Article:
Understanding the SeaMicro Architecture

The secret begins at the motherboard level. It all starts with a single core Intel Atom Z530 (1.6GHz, Silverthorne) and US15 chipset (Poulsbo). Astute readers will recognize this as the previous generation Intel Atom platform for MIDs, codenamed Menlow. SeaMicro chose single core Menlow and not the newer Pine Trail platform in order to hit its power targets. Moorestown would probably be a good fit as well but the chips only recently started shipping. Hanging off Poulsbo is 2GB of DDR2 memory.

SeaMicro excludes the I/O hub and instead connects its custom ASIC over Poulsbo’s PCIe x2 interface. The custom ASIC emulates all I/O features, everything from SATA to Gigabit Ethernet is handled by the SeaMicro chip. As far as the Atom CPU is concerned, it has a bunch of I/O devices that hang off of Poulsbo. The virtualized I/O is a key part of making SeaMicro’s technology work.

Those three chips (+ DRAM) make up the basic building block of a SM10000 server. They occupy a PCB area about the size of a credit card: 2.2” x 3”. Since this basic building block is physically autonomous, SeaMicro refers to it as a single server.

SeaMicro then takes eight of these server building blocks and puts them on a card measuring 5” x 11”. Instead of using one SeaMicro ASIC per Atom, the ratio is one ASIC per two Atom processors.

Eight Atom "servers", four SeaMicro ASICs and a 32-lane electrical PCIe interface to the rest of the box

Each one of these cards has a pair of electrical PCIe x16 connectors that plug into the SM10000’s back plane.

A single SM10000 can support up to 64 of these cards, which is how you end up with 512 Atom CPUs in a 10U chassis. Intra-system communication occurs over a multidimensional torus bus interface. The link is built by connecting all of the SM ASICs together, allowing each Atom server to communicate with any other server in the system.

Despite being well connected, the server architecture doesn’t support shared memory (each Atom has exclusive access to its 2GB of DRAM). The torus interface is instead used to share the virtualized I/O amongst all of the servers. If server/CPU 0 wants to access the virtual HDD on server 206, it can. Each hop takes 8 microseconds so it’s fairly low latency for storage and network I/O but not fast enough for memory.

Since each Atom CPU is paired with 2GB of memory, the total machine has a terabyte of DDR2 memory. But like I said earlier, the memory isn’t shared so you have a 2GB maximum limit on each server. This in itself imposes a restriction on the type of applications you’ll run on a SM10000. If you need more than 2GB of memory per server in your rack, the SM10000 isn’t for you.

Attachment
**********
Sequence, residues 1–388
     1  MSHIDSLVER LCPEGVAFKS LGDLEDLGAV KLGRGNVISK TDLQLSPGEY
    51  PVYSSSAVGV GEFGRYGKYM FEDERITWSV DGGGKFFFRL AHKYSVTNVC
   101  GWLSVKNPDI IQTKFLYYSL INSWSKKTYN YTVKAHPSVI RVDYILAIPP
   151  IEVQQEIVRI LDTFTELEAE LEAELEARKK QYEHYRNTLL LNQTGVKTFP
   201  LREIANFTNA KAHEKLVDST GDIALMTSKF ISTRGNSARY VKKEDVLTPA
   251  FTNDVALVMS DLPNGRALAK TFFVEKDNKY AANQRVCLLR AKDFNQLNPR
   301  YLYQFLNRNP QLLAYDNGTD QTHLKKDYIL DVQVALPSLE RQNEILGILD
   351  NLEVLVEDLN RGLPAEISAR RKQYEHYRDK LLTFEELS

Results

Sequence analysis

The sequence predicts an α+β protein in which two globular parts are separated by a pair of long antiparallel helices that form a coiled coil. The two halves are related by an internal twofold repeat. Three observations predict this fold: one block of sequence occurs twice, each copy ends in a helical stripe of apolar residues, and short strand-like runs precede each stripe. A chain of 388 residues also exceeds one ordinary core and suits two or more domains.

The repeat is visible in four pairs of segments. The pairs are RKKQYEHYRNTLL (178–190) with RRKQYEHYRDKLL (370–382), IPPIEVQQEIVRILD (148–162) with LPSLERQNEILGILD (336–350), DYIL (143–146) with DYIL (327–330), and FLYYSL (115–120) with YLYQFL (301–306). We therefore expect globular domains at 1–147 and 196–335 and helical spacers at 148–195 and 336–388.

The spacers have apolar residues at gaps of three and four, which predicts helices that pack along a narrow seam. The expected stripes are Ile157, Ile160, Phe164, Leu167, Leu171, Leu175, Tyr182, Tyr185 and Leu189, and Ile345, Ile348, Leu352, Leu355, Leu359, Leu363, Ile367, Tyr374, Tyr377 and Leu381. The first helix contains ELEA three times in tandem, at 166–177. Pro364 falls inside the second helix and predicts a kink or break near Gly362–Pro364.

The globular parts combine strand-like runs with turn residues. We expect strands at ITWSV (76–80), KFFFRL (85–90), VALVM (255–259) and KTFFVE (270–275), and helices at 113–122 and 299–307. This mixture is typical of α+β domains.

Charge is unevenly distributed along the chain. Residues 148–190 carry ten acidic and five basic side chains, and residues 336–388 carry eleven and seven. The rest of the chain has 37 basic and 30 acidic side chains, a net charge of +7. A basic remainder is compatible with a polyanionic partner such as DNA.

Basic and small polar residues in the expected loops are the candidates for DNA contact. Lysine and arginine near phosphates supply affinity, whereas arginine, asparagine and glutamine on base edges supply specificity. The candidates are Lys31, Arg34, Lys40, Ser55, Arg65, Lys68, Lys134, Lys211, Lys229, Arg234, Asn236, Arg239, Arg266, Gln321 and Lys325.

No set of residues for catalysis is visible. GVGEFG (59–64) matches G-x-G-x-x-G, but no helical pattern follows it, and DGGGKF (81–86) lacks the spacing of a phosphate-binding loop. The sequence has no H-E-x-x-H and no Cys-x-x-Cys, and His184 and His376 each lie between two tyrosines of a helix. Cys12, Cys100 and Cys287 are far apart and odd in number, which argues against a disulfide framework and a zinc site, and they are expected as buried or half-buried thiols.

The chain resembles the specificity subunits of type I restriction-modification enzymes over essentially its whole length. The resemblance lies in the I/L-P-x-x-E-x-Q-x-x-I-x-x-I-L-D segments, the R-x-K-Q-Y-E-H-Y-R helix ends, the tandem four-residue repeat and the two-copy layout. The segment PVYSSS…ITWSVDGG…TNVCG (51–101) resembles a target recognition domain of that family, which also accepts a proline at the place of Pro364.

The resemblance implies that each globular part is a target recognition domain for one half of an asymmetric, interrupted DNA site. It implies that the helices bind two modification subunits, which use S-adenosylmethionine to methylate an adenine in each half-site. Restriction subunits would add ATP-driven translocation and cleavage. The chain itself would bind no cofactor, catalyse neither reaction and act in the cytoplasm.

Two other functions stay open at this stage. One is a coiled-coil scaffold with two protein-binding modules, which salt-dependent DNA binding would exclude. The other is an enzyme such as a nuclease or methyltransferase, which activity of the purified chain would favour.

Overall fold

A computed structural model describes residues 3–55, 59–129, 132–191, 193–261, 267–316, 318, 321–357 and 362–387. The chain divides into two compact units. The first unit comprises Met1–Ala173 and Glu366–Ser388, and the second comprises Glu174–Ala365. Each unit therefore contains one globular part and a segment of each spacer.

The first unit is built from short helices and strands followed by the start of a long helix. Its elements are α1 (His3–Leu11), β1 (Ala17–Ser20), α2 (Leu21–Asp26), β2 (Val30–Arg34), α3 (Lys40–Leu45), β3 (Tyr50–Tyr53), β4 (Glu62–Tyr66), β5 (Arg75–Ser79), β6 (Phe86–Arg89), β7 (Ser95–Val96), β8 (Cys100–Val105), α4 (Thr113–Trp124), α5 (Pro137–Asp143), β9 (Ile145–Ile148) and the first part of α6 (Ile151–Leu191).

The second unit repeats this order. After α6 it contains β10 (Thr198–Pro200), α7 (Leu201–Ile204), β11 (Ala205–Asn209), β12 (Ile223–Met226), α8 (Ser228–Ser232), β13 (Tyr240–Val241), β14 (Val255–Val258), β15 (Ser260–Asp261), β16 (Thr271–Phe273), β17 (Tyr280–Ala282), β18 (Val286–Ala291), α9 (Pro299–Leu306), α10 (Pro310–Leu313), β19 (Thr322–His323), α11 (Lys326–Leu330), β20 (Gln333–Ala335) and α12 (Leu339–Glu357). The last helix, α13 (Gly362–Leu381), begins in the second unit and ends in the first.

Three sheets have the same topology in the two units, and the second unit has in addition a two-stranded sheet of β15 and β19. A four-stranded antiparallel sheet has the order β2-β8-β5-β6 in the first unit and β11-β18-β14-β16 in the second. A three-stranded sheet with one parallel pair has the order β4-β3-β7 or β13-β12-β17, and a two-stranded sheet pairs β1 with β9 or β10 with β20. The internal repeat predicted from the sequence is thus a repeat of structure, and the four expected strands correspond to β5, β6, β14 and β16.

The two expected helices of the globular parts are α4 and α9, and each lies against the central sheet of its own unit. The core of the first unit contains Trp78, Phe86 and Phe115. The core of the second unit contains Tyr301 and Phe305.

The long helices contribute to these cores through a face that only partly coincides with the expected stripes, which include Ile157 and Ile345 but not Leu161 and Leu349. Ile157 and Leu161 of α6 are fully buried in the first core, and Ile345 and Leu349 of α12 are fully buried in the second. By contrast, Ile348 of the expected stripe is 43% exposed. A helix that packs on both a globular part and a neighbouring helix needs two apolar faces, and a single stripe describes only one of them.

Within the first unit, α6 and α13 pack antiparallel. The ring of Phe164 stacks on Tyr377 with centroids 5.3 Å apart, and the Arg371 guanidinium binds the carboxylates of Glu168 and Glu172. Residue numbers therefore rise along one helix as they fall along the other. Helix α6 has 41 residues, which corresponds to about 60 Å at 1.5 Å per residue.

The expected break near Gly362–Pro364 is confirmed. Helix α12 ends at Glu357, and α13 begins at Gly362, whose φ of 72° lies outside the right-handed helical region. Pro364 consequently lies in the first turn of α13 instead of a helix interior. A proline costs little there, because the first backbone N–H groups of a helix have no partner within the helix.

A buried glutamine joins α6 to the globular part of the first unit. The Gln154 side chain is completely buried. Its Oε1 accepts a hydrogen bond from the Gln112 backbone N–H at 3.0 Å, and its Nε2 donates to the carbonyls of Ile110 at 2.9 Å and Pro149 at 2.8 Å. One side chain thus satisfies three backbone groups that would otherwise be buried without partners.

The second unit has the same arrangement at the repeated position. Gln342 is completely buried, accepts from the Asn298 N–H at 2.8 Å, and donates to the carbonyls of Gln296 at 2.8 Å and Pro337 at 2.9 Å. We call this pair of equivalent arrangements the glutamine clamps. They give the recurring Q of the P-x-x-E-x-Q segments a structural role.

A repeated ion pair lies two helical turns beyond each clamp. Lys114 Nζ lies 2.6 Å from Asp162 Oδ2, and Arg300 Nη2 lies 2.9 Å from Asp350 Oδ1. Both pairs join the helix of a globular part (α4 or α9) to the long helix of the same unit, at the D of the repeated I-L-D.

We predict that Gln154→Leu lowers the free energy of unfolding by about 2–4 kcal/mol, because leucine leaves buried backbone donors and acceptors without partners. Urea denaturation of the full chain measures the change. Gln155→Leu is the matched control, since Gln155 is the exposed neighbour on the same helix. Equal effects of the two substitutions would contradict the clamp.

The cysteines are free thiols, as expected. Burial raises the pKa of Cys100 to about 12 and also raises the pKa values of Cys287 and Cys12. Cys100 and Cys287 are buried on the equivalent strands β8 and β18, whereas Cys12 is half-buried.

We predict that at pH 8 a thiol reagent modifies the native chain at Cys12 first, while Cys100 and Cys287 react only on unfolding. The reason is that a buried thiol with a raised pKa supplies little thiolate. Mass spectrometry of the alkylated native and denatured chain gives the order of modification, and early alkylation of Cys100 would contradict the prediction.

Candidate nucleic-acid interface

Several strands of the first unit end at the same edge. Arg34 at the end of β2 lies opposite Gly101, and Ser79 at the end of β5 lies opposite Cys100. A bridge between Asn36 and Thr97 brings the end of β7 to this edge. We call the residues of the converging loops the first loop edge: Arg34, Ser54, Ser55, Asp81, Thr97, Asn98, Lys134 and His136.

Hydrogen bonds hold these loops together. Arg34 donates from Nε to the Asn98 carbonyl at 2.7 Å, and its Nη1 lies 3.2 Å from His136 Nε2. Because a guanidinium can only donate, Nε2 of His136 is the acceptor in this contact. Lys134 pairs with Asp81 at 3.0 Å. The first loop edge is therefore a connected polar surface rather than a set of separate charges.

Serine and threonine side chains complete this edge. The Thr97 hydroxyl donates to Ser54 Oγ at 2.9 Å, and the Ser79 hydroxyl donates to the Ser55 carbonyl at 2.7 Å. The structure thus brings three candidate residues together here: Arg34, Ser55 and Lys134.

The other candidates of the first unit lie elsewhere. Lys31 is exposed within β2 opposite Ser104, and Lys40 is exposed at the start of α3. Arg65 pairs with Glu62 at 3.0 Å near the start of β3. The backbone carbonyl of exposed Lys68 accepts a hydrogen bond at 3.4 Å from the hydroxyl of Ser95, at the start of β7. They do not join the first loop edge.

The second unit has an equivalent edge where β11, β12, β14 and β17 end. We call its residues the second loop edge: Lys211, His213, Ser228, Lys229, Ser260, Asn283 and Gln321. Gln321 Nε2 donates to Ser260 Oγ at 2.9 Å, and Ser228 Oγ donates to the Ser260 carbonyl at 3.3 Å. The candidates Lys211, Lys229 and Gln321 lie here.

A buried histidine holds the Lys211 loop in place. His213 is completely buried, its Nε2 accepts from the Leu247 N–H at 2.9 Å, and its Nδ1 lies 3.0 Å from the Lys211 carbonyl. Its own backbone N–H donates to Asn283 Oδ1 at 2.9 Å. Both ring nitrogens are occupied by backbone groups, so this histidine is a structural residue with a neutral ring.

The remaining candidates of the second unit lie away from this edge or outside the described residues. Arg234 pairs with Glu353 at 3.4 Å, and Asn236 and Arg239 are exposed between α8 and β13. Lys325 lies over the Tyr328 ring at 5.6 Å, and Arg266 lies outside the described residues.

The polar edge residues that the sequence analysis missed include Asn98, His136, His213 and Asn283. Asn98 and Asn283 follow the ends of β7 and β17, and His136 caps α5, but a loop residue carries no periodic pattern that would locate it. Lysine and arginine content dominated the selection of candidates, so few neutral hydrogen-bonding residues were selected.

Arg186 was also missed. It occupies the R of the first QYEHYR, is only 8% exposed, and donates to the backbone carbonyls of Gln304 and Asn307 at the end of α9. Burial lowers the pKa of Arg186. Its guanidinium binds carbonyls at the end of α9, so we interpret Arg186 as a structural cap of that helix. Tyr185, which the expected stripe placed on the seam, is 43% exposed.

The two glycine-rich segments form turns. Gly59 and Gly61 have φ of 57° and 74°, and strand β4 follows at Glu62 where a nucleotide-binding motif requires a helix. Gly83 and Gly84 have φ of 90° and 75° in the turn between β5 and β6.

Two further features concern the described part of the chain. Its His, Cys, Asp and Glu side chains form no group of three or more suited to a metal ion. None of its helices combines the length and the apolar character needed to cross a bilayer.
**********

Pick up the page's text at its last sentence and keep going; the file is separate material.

Poulsbo’s memory controller doesn’t support ECC, which is fine for MIDs but can be a problem for some enterprise customers. SeaMicro claims that most of its customers aren’t bothered by the lack of ECC. There’s no hope for future ECC support unless Intel eventually embraces the Atom platform for servers.


SeaMicro not only wants to replace some of your server hardware with its boxes, but also some of Cisco’s networking equipment. A single SM10000 is designed to replace your top rack switch.

The idea is you’d take the uplink provided to your backbone and plug it directly into one of the ports on the back of the SM10000. All load balancing, terminal server and switching functionality is handled by the SM10000 itself. It’s all Linux based so you should be able to add a firewall as well.

On the back of the machine you’ll see rows of ethernet ports, up to 64 to be exact. On each one of these cards is a separate CPU that is used to handle all of the network functionality of the server. It helps SeaMicro justify the pricing of the server as you’re replacing not only your server hardware but also some expensive networking gear.

Each server has a physical Gigabit Ethernet interface on it. A fully populated SM10000 can have up to 64 Gigabit Ethernet ports, or it can be configured to have 16 10GbE ports. If you don’t need that much bandwidth you can just use the Ethernet ports you need.

The networking is fully virtualized so each Atom “server” gets its own IP address and thinks it has its own connection to the outside world.


SeaMicro’s ASIC virtualizes four SATA ports per Atom processor. The SM10000 can support up to 64 physical 2.5” HDDs or SSDs. The customer will configure the machine to determine what four physical disks or slices of disks will map to each Atom CPU.

The SM ASIC emulates RAID-0, but nothing more. SeaMicro states this is because its target market is to replace dozens of simple servers that have limited or no storage. If you’re replacing a couple hundred web servers that only use their storage for OS and little else, the SeaMicro approach makes sense.